Thursday, June 24, 2004

Department of Words With Borders
(a.k.a. Department of Sticky Subjects)

The BBC reports that a poll of 1,000 translators found the most untranslatable word in the world to be ilunga, from the Bantu language Tshiluba, spoken in the southeastern region of the Democratic Republic of Congo.

What does ilunga mean? "A person who is ready to forgive any abuse for the first time, to tolerate it a second time, but never a third time."

Coming in second was shlimazl, the Yiddish word for a person who is chronically unlucky.

This surprised me, as the Czechs have a word that means exactly the same thing: smolař. I sent an e-mail to the BBC yesterday, saying as much, as well as one to the translating firm that commissioned the poll.

The roots of the two words are entirely different, however. Shlimazl is a compound of the German schlimm ("bad") and the Yiddish mazl ("luck"). (As one site helpfully explains, by way of contrast: "The difference between a shlemiel and a schlemazl is described through the aphorism 'A shlemiel is somebody who often spills his soup; a shlemazl is the person the soup lands on.'")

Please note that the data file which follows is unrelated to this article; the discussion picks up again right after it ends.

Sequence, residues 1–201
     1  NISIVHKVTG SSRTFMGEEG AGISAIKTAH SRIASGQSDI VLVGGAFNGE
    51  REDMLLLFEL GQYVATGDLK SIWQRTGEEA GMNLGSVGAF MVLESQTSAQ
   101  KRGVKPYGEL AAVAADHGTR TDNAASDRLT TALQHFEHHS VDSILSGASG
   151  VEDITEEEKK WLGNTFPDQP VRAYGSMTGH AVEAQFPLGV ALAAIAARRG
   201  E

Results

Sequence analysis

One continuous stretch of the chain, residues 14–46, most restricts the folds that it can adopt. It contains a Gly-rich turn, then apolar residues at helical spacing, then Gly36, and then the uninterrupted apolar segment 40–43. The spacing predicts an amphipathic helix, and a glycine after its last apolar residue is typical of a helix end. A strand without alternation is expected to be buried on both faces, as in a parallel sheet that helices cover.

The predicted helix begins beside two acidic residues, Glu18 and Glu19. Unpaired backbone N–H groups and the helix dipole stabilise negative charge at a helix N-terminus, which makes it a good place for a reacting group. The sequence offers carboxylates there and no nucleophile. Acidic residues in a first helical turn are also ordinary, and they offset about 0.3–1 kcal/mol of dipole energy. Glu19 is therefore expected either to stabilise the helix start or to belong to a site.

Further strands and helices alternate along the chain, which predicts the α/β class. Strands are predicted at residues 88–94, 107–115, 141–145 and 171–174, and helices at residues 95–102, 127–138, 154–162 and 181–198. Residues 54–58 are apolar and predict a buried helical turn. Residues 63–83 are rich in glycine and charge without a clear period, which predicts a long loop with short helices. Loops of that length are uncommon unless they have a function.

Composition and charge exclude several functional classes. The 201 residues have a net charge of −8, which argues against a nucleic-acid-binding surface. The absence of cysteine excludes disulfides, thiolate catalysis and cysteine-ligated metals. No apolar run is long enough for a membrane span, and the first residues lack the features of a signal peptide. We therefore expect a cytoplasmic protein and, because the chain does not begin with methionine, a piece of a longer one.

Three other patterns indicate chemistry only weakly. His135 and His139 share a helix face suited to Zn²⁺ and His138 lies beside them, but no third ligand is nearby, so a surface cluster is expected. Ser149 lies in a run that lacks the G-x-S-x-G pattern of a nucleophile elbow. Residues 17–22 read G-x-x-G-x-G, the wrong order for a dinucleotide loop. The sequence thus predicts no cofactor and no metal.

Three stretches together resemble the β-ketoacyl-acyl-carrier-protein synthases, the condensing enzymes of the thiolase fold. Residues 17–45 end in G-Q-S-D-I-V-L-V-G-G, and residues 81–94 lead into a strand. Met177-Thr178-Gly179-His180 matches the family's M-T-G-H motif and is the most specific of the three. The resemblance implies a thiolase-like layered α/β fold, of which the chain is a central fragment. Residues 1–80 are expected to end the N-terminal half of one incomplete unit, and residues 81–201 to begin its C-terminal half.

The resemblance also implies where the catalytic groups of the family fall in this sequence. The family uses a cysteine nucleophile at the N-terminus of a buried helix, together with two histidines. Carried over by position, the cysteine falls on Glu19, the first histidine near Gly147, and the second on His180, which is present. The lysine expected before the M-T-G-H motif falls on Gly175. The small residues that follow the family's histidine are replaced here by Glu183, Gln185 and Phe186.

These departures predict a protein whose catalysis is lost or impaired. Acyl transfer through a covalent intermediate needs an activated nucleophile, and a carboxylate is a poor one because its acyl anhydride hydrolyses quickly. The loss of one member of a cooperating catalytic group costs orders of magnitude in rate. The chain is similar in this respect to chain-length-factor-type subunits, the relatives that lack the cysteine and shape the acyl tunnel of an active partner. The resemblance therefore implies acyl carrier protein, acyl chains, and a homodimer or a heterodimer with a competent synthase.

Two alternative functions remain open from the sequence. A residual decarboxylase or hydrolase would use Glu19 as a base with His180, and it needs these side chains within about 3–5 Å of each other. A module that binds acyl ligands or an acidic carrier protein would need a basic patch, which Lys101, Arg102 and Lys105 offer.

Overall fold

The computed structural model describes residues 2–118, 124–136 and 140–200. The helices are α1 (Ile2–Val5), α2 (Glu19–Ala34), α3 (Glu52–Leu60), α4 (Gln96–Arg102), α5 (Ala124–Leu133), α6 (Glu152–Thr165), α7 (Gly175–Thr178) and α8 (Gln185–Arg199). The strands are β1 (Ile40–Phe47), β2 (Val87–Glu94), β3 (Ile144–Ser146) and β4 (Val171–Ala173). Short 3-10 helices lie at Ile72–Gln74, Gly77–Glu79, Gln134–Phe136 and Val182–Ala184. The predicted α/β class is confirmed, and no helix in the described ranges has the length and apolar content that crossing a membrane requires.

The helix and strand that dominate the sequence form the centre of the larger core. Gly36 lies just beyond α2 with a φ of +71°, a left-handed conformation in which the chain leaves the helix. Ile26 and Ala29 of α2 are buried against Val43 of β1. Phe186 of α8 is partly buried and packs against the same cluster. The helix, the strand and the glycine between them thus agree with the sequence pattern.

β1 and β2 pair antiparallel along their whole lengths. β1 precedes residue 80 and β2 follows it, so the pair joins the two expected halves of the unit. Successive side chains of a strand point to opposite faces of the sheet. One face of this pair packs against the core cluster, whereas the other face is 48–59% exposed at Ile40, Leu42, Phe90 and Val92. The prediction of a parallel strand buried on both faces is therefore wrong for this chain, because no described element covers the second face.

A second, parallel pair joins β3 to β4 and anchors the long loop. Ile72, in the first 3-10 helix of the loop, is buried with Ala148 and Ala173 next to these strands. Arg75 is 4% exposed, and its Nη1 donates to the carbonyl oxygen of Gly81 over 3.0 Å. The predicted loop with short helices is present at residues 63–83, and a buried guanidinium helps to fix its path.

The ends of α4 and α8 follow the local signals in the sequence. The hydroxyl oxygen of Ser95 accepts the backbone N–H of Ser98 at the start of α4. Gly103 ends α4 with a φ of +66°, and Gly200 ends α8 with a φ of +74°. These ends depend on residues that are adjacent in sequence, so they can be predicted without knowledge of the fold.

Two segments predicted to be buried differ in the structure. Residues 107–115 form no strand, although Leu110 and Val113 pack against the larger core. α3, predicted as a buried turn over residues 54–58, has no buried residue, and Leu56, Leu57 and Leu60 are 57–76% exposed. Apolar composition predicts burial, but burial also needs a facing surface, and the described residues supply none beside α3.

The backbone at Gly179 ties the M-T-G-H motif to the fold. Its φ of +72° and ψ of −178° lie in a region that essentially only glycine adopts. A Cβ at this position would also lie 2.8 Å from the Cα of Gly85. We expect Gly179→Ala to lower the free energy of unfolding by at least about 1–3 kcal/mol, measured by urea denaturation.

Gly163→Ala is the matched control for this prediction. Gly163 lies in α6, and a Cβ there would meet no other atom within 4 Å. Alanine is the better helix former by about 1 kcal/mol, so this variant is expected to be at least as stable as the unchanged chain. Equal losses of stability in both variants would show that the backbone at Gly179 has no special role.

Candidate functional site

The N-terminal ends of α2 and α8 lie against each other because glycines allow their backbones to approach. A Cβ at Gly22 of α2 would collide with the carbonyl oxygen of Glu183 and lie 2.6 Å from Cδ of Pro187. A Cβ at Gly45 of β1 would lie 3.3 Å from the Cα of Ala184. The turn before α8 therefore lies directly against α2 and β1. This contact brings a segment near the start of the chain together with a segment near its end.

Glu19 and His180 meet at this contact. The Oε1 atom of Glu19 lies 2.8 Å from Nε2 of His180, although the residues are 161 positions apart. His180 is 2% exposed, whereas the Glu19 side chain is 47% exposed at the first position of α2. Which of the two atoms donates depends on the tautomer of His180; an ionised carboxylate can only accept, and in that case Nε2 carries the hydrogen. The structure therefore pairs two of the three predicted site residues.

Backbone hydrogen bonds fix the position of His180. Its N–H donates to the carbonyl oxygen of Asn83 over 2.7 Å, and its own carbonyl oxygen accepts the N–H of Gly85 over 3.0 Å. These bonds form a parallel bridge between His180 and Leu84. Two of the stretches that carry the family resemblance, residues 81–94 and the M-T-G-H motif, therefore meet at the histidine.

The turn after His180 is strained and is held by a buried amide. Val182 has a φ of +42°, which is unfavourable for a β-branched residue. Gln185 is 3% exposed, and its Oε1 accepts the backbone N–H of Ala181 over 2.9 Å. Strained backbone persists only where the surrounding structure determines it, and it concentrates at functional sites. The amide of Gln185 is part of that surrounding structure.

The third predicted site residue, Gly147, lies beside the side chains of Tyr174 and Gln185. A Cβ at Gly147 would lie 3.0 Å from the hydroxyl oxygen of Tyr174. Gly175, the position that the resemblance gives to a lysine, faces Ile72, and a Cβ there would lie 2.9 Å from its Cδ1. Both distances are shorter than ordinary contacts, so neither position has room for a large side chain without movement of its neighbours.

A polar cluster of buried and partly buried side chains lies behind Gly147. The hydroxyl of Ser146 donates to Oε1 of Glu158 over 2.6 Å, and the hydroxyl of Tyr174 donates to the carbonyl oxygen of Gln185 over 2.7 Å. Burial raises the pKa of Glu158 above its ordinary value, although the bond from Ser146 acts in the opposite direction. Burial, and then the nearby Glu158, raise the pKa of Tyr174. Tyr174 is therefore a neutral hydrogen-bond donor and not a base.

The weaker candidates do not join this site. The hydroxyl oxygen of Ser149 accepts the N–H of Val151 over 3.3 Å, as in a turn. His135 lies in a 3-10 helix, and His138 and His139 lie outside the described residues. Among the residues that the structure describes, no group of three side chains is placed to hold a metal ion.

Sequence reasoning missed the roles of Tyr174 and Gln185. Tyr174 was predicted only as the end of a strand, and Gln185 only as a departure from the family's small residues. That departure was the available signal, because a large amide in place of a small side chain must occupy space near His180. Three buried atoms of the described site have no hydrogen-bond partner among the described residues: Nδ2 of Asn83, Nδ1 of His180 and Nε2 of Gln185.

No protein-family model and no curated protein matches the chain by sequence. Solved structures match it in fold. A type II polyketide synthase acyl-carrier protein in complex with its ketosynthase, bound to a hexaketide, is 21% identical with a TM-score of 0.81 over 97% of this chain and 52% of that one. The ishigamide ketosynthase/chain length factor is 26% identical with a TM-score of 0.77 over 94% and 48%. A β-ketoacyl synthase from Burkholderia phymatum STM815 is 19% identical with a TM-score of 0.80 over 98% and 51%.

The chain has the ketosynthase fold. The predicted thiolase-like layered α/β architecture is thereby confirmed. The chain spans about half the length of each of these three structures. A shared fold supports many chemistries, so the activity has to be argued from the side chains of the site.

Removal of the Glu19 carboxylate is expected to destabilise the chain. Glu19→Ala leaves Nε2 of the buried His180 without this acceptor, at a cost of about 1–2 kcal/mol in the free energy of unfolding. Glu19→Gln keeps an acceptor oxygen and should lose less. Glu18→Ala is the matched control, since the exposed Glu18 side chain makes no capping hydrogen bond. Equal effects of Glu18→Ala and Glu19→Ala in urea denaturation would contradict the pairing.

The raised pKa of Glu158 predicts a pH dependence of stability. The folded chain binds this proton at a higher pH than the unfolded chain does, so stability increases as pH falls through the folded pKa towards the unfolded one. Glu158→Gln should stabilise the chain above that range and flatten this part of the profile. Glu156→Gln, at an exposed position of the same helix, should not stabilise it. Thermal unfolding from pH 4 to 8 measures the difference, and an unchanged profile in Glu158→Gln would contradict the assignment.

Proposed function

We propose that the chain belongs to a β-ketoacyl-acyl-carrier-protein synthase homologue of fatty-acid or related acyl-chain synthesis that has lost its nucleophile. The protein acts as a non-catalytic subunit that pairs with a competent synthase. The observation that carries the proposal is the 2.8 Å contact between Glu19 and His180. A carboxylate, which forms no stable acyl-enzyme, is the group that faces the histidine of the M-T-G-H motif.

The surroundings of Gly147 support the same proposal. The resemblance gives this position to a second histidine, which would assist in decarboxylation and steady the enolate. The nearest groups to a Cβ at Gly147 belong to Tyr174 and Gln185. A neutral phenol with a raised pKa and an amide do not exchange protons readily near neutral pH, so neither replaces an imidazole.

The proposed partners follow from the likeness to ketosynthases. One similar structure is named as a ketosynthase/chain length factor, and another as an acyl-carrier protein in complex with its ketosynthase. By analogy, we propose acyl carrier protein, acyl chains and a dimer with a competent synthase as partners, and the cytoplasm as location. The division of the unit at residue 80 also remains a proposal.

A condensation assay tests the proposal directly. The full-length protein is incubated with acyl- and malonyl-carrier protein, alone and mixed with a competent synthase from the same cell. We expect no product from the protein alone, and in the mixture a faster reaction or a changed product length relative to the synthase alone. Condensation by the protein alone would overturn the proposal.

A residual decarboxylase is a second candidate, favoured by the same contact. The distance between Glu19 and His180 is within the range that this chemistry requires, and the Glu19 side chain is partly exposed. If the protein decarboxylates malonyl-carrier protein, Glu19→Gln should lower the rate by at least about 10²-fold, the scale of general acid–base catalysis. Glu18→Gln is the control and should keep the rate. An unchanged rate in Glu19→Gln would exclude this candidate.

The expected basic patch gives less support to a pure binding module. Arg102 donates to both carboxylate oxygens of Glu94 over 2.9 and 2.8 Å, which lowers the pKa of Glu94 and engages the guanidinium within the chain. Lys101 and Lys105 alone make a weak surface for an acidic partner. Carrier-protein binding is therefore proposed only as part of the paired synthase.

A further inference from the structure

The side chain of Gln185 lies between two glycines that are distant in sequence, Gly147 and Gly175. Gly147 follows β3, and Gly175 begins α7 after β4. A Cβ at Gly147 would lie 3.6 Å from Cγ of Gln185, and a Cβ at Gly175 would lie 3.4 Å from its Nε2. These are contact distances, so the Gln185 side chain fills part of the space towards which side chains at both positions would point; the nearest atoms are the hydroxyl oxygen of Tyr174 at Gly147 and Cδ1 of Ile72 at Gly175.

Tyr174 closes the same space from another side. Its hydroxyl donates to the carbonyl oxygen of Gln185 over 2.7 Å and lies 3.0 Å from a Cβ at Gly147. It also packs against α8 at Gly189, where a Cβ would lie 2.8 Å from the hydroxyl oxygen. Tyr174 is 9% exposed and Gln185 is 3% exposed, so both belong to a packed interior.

Smolař, on the other hand, comes from the Czech word for "bad luck," smůla, literally "sap," i.e. the stuff that oozes out of tree trunks. "To have bad luck" in Czech is mít smůlu, and when someone is dogged by bad luck, Czechs say, smůla se mu lepí na páty, i.e., "sap sticks to his heels."

Here is the list of the 10 most-untranslatable words:

1) ilunga [Tshiluba word for a person who is ready to forgive any abuse for the first time; to tolerate it a second time; but never a third time. Note: Tshiluba is a Bantu language spoken in southeastern Congo, and Zaire]

2) shlimazl [Yiddish for a chonically unlucky person]

3) radioukacz [Polish for a person who worked as a telegraphist for the resistance movements on the Soviet side of the Iron Curtain]

4) naa [Japanese word only used in the Kansai area of Japan, to emphasize statements or agree with someone]

5) altahmam [Arabic for a kind of deep sadness]

6) gezellig [Dutch for cosy]

7) saudade [Portuguese for a certain type of longing]

8) selathirupavar [Tamil for a certain type of truancy]

9) pochemuchka [Russian for a person who asks a lot of questions]

10) klloshar [Albanian for loser]

And, for the sake of completeness, here is the list of the 10 English words most difficult to translate:

1) plenipotentiary

2) gobbledegook

3) serendipity

4) poppycock

5) googly

6) Spam

7) whimsy

8) bumf

9) chuffed

10) kitsch

I think there are more debatable words in the lists above. The Dutch word gezellig, for instance, ranked number 6 and supposedly meaning "cozy," sounds no tougher a nut to crack than the Danish word hygge, which Danish friends of mine have assured me is one of the keys to understanding what Danes are all about (see The Danish Art of Hygge for more on the phenomenon).